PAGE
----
Some 3,000 fast food, retail, warehouse and other low-income workers from around the nation, representing the nationwide Fight for 15 And A Union movement, have voted to continue their drive far beyond this year’s election. And they’ve linked economic and racial injustice together.
In addition, the movement plans demonstrations at the sites of the three presidential debates. And it will stage another nationwide fast-food walkout on Sept. 12 as part of what organizers call a “moral revival.” The last fast-food strike, on April 14, saw workers at 320 cities walk out. Workers in another 60 cities worldwide also struck in sympathy.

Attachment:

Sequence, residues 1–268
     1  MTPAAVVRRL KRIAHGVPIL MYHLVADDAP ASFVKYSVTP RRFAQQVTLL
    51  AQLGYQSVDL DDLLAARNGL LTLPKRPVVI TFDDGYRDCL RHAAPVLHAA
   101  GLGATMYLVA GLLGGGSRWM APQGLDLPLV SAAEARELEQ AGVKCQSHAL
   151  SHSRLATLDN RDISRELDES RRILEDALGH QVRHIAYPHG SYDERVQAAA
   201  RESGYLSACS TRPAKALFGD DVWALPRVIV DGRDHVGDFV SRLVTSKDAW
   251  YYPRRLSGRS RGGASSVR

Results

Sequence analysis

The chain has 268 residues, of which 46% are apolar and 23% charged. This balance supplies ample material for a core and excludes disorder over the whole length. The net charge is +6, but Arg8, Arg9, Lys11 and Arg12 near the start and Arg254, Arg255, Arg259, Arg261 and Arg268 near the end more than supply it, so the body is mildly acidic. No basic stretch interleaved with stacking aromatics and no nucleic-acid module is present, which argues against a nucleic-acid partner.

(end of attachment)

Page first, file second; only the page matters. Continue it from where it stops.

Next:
Encouraged and supported by Service Employees President Mary Kay Henry and Moral Mondays movement leader the Rev. William Barber, the delegates also took time out from their conclave to march through downtown Richmond, Va., site of their meeting. Dozens of United Food and Commercial Workers joined them.
In a direct message to the two major political parties, the marchers’ main chant was, “If you want our vote, come get our vote!” by supporting their cause.
They chose Richmond, Fight for 15 said, because it was the capital of the Confederacy – and because state governments of the old Confederacy have been the most-resistant to workers’ rights to a decent wage and to unions.More ...